This is not a joke. I double-chocolate-bunny-dare you to think beyond plastic pastel eggs coupled with yellow and pink Peeps this year and incorporate a little more green into your celebration of Spring. Let’s give our Easter baskets a makeover!
The Grass is Always Greener
It’s unfortunate that so many of us associate that creepy faux-green-plastic “grass” with a holiday celebrating new life and spring. Why not get back to nature’s original basket-filler and grow your own? It was actually Marie that first turned me on to the idea. Check out this excellent Make and Takes tutorial on growing wheat grass. We’ve had great results and it grows so fast you can start today and make the March 31st deadline.
Last Easter Huffington Post ran a great “round-up” article touching on the hazards and harms of toxic food-dyes with some killer suggestions for natural egg dying. At our house, we’ve seen success with beet juice and grape juice, but I can already tell their suggestion for ‘tumeric’ is going to provide a much more vibrant colored egg than boiling the ‘incredible edible’ with carrots (smh). Also, it probably goes without saying, but the first year we tried this we only had brown eggs on hand. Obviously the dyes are brighter with white. I was new to the natural dying scene, cut me a little slack.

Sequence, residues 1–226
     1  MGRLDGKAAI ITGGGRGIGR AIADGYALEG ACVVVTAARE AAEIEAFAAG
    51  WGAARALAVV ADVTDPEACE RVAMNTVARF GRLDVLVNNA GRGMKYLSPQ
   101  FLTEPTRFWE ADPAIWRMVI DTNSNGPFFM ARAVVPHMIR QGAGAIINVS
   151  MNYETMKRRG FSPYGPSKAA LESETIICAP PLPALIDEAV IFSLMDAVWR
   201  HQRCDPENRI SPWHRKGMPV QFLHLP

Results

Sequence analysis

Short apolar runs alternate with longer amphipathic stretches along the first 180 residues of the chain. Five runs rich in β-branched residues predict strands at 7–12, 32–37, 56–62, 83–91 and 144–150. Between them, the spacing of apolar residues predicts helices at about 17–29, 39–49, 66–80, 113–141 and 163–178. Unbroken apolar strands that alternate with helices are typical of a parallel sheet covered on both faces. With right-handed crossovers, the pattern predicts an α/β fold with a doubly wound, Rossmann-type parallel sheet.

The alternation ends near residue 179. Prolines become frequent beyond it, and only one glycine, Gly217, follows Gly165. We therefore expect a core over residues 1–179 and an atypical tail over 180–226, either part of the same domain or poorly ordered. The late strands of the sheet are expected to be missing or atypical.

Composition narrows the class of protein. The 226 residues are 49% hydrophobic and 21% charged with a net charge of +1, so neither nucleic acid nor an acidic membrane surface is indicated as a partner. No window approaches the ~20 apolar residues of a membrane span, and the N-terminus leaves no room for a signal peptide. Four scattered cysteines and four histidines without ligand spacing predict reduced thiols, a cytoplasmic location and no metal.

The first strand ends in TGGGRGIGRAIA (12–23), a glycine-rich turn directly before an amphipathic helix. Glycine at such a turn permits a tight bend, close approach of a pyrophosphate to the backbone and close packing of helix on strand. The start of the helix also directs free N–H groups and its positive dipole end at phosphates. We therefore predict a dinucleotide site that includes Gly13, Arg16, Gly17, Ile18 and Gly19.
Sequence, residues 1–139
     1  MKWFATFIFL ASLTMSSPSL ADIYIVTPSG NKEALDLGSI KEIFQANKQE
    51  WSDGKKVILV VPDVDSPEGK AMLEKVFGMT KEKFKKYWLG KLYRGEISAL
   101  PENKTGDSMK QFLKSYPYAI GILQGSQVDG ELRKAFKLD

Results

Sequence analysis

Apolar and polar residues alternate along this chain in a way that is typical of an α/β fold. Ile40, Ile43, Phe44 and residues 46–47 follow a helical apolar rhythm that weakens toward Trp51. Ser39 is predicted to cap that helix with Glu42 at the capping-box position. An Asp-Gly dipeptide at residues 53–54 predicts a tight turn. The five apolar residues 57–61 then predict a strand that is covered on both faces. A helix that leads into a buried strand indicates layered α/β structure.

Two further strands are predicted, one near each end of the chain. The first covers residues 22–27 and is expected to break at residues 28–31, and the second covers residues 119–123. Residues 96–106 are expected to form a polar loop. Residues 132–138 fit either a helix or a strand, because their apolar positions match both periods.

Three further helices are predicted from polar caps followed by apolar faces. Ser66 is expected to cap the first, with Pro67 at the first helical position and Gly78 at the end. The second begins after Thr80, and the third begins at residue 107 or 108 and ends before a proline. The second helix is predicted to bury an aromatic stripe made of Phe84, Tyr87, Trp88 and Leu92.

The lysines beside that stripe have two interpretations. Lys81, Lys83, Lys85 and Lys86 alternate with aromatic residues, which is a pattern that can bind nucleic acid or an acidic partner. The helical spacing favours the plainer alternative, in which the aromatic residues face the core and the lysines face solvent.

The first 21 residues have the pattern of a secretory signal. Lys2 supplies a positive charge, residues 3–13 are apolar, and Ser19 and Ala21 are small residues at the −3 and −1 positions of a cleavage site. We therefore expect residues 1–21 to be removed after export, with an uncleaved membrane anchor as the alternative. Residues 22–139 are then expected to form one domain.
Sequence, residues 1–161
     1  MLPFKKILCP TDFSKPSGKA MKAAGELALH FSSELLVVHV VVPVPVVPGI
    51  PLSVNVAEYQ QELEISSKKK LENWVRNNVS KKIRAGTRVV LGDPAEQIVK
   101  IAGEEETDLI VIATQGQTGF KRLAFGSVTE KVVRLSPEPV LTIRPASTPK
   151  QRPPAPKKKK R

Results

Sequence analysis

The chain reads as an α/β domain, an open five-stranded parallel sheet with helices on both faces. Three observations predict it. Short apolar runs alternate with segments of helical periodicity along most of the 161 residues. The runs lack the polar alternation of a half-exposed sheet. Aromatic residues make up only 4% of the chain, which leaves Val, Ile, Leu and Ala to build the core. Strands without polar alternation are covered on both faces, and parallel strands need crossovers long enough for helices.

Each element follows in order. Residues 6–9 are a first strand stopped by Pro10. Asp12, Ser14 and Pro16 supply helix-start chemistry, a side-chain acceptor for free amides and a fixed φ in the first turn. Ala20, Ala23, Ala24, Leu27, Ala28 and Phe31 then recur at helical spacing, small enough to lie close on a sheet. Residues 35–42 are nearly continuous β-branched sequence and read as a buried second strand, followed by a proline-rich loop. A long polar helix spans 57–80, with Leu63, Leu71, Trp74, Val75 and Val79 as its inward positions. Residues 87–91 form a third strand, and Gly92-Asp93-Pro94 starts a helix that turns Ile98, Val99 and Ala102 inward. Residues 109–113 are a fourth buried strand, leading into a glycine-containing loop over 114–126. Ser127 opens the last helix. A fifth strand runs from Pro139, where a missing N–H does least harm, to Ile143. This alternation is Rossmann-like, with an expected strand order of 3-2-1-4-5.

Think Outside the Candy Box
Another thing to think about when it comes to Easter Baskets is of course, what goes inside. In addition to the candy, my parents (I mean, the giant bunny), always included strawberries and other fun fruits in our baskets. This year, I’m opting for organic strawberries (Costco has had AMAZING organic ones lately that we’ve been enjoying), and trying to find some local products to decorate my kids haul.
I also commit to resisting Dollar-Store-Find-Fever. You know: succumbing to the urge to buy a bunch of stuff that appears cute and to be a steal, when it’s ultimately cheap “goods” that will end up in a landfill before the last marshmallow chick can say peep.
I know you’re full of spring-time family fun this time of year. Any specific eco-centric Easter ideas you’re willing to share?